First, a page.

By Michael Klein, The University of Texas at Austin, Electrochemical Energy Laboratory and MRS Student Chapter
The formation of a solid electrolyte interphase (SEI) plays a critical role in the operation and cyclability of lithium-ion batteries (LIBs). Without a stable SEI, the lithiated graphite anode will continually attack the electrolyte and lithium dendrite formation can be exacerbated. A good SEI layer enables the favorable kinetics (high rate performance) of LIBs while providing safety and cyclability to the system.
Characterizing the SEI layer remains problematic as it forms during battery cycling and its stability should ideally be characterized in situ in the relevant electrolyte solution. Scanning electrochemical microscopy (SECM) is a potential panacea for this problem, as it provides local electrochemical and topological characterization in an appropriate chemical environment. Its utility is hampered by the considerable experimental difficulty required to successfully apply the technique on a battery electrode surface.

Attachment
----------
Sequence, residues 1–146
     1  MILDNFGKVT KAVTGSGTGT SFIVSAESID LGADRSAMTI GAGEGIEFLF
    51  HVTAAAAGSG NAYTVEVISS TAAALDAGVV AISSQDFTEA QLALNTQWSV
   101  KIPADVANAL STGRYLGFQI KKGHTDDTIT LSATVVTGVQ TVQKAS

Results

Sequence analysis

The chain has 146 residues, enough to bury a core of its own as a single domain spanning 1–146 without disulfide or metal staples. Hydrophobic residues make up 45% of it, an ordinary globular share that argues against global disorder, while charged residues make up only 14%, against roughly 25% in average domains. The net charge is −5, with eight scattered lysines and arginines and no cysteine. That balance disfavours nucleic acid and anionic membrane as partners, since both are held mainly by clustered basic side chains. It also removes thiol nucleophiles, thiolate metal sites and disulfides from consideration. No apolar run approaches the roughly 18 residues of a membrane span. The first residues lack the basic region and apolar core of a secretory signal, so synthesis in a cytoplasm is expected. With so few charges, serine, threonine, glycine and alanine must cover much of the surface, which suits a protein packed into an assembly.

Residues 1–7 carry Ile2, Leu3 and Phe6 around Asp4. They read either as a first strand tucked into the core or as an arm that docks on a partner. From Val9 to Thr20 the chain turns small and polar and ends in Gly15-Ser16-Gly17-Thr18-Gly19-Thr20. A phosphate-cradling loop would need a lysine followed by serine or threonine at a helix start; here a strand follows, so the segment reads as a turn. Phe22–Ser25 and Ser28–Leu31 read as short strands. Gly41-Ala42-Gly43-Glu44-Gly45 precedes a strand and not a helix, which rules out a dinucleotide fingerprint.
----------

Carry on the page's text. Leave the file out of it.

Heinz Bülter of Professor Gunther Wittstock’s group at the University of Oldenburg and coworkers have successfully applied SECM to garner some insight into the stability of the SEI formed on composite graphite anodes after cycling using DBDMB as a redox mediator. Their work, published this year in the Angewandte Chemie International Edition showed evidence of spontaneous changes in the SEI, with the authors suggesting the possibility of damage from volume changes, re-dissolution of parts of the SEI, or even gas bubble formation and evolution. The difficulty in analyzing the simultaneous influence of the surface morphology, local electrochemistry, and other possible changes (i.e. gas formation) is readily apparent in the research. However, this approach is admirable, and continued work with this technique should afford currently unattainable insight into the operation of lithium-ion batteries.